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Mediation vs. Litigation

What are the Differences?

Historically, this is the way people go about getting a legal conflict resolved – each person hires an attorney who argues with the other attorney over every legal issue related to the issue(s) in question. The communication goes upward from the attorney to the judge who makes a decision.
Both parties give away their power to control the outcome of their dispute because the decisions are all made by a judge. The disputing parties do not speak to the judge but they speak to a lawyer who speaks to the judge.
Litigation is confrontational.
  The focus of litigation is on the past
Litigation is not confidential because the courtroom and the records are open to the public.
Very costly as compared to mediation.
Mediation is now the preferred way to resolve disputes in most cases because it is efficient, less expensive and allows the disputing parties and not a judge to make decisions.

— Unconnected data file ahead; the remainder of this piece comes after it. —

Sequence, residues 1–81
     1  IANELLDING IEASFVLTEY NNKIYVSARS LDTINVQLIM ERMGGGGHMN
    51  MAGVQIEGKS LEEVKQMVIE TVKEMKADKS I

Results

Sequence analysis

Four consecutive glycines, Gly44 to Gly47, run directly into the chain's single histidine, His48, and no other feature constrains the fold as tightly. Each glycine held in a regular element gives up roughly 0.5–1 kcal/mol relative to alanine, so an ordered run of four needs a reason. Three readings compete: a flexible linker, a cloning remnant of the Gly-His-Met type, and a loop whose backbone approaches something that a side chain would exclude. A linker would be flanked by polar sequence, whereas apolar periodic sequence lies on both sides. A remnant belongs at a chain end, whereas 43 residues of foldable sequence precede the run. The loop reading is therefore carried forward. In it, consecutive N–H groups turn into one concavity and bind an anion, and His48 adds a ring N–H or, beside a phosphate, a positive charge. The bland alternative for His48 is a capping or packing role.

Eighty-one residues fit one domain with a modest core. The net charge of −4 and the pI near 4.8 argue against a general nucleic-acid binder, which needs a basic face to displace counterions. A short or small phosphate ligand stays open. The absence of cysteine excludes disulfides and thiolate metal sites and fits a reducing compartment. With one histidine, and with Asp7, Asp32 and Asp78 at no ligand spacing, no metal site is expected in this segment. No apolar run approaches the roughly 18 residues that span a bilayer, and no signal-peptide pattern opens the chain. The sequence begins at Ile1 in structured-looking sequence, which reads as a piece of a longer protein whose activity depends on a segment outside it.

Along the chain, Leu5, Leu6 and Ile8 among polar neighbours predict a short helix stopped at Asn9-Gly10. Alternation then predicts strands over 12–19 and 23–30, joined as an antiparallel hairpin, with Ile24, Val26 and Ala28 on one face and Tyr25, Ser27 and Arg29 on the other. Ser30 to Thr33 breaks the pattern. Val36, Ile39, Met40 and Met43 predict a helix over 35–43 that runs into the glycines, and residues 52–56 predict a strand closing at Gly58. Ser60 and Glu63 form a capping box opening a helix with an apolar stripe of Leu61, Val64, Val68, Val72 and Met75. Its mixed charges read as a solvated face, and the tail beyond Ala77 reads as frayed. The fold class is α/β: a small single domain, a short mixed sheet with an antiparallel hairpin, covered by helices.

Both disputing parties keep their power to control the outcome of the dispute because decisions are made by them with the expert help of a specially trained mediator.
The communication goes between both parties and the mediator with the disputing parties retaining control of the decisions related to their issues.
Mediation is non-confrontational
The focus of mediation is on the future and not the past.
Mediation promotes better communication and decreases future conflict.
Less costly as compared to litigation.

Compared to traditional litigated cases, which can take from months to years, most mediated cases can be completed in a matter of days or weeks, depending on the complexity of the dispute.